Someone posted a link to this article with the above title, to which I gave this response:
This article annoys me. It attempts to claim that science is faith-based by distorting science. The idea that you are not allowed to speculate about the origin of the properties of physics is a complete lie, you are just expected to provide testable evidence if you come up with a hypothesis. And the idea that laws of physics are not allowed to be questioned is also a lie, many laws of physics have been “broken”, including many of the ones he mentioned, newton’s laws of motion and gravitation. He also said you’re not allowed to suppose that the speed of light “changes with the hour” when ALL scientists today knowledge that light travels at different speeds depending on the medium it is moving through, and that only the speed of light in a vacuum is constant. And if it is observed that that is not correct, the physics books will again be amended. A law of physics is not immutable, and isn’t supposed to be. It is an observation which has never been observed to not be constant, which is why they are today often called “Principles” of physics rather than the misleading “laws” because they are not laws, but properties which are in principle universally constant. The term “law” originated with the antiquated concept that “laws” are commands given by a creator which must unalterably be obeyed by the universe. The concept he is attacking is religious, not scientific, and was formed under christian theocracies toward the end of the middle ages and later abandoned by secular science as an unfounded assumption. He is attempting to portray science as faith-based, narrow and dogmatic to justify similar qualities in his own reasoning. Ironically the author is actually aware of the origin of the term and states it later in the article.
While it is true that “laws” of physics are axiomatic building blocks that science builds off of – for instance if you wanted to build a rocket and calculate where it will land if aimed at a certain trajectory, this is impossible without using constants in your equation – while this is true, the author acts as if science, if it found out the properties of physics had shifted, would just plug up their ears and go “la la la la, this contradicts my anti-god dogma, I don’t hear it”. Which is ridiculous if you know anything about how science works.
As far as the claim that the existence of life depends on “fine-tuned” laws, this notion is mostly held by physicists and engineers and rarely held by people who actually study life. Because anyone who studies life knows that not only is there no absolute definition of “life”, and that the forms of life that exist on earth are just some possible forms of life, they also know that what will make one organism thrive will instantly kill another. To suggest that “life” could not function without exactly the properties of physics we see around us (not just the forms of life we see around us, but all possible forms) because a certain group of organisms depend on those properties, is like suggesting that “vehicles” could not function without train tracks, because some vehicles need train tracks to function. “Life” is the broadest possible term for living things, and it includes far more than what you see on the discovery channel. “Life” is not specifically mammals or reptiles or fish or insects or plants any more than “vehicle” is specifically a train or plane, car, bicycle etc, these are forms of life we are familiar with. Life, in it’s broadest sense, is a self-replicating pattern. And that can, in principle, exist in any universe which has any properties which are stable at some level of magnification, just as a vehicle of some sort could exist in another universe with different properties, though it might not function like a Buick.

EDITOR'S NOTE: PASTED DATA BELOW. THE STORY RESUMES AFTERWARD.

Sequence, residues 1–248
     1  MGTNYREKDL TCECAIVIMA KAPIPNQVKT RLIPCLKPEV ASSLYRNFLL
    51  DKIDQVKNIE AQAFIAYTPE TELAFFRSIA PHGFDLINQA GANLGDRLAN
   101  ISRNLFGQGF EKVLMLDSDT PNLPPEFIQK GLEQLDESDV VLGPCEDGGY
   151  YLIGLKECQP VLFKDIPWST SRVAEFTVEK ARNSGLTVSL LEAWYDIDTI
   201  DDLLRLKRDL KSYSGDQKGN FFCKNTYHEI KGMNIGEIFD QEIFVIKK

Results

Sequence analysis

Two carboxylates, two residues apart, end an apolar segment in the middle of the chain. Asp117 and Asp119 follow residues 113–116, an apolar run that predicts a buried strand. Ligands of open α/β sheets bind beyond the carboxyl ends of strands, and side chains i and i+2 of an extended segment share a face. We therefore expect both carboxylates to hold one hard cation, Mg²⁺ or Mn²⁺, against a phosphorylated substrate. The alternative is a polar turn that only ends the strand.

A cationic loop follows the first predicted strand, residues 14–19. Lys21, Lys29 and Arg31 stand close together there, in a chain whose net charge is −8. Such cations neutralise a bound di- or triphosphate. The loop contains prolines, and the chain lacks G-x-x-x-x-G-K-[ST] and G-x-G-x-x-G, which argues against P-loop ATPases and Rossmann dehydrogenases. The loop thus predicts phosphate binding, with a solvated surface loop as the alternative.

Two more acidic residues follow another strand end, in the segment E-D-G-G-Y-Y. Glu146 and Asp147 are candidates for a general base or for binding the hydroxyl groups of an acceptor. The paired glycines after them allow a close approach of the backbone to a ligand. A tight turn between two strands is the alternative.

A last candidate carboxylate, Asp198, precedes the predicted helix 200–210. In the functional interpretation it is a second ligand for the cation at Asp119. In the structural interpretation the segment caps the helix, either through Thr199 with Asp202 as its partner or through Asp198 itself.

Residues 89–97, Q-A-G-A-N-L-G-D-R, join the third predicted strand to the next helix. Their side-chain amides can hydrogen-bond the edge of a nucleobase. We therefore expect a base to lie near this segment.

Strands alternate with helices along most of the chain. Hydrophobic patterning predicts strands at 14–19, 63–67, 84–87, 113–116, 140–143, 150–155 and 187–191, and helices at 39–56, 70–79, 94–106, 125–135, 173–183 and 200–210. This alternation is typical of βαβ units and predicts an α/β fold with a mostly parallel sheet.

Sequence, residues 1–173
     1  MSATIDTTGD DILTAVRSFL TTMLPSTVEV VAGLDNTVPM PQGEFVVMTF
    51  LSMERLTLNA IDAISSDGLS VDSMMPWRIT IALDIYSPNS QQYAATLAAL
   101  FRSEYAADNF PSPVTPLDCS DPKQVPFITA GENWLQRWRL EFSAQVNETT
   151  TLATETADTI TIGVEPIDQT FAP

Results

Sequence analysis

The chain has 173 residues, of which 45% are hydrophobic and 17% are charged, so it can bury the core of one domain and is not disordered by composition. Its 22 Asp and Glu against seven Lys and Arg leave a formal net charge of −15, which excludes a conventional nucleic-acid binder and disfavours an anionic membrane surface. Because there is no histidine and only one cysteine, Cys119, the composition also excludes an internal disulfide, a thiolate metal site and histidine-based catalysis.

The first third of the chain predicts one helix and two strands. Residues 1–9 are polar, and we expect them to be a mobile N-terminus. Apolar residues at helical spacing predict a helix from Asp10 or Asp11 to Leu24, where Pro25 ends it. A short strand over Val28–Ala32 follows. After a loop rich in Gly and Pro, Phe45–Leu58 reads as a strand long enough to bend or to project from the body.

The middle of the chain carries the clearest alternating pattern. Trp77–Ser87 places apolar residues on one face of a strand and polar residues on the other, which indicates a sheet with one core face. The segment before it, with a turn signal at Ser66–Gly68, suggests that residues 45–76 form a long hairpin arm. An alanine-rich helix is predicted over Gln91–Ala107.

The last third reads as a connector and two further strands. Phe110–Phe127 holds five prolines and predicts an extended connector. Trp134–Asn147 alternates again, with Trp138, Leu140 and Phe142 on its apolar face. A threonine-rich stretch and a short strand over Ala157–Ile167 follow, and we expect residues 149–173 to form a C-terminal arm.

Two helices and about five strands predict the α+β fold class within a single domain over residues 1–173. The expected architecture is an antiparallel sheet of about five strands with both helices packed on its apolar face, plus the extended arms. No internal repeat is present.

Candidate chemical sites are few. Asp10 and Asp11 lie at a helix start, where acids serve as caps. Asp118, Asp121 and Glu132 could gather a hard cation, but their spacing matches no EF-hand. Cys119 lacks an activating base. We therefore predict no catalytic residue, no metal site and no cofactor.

The concept of a multiverse, while it has been speculated by scientists, is not scientific and cannot be tested. To pretend an idea is a part of science and then pretend that science is un-scientific is a strawman.
And invoking a god who inexplicably has certain properties to explain how the universe inexplicably has certain properties is a waste of time. Not only does it lead to the same dead end – just push it back a step and pretend to “solve” the problem, and not only is it not supported by evidence (other than the fallacy of an argument from ignorance, the same argument that was used to support belief in Zeus and Thor when we didn’t understand what lightning was) but it doesn’t even explain anything. Just claiming that Yahweh created the universe “somehow” is as much an explanation of the origins of the universe as claiming fairies created it “somehow”. It doesn’t give any new information whatsoever. All it does is allow the believer to pretend they understand that which they do not and stop looking for an answer, which is actually harmful to human scientific progress.
The idea of a god is vague and completely useless, and if that passed for science then scientists would be saying they found a “god particle” that somehow popped protons and electrons and photons into existence and hold out their hand waiting for their nobel prize.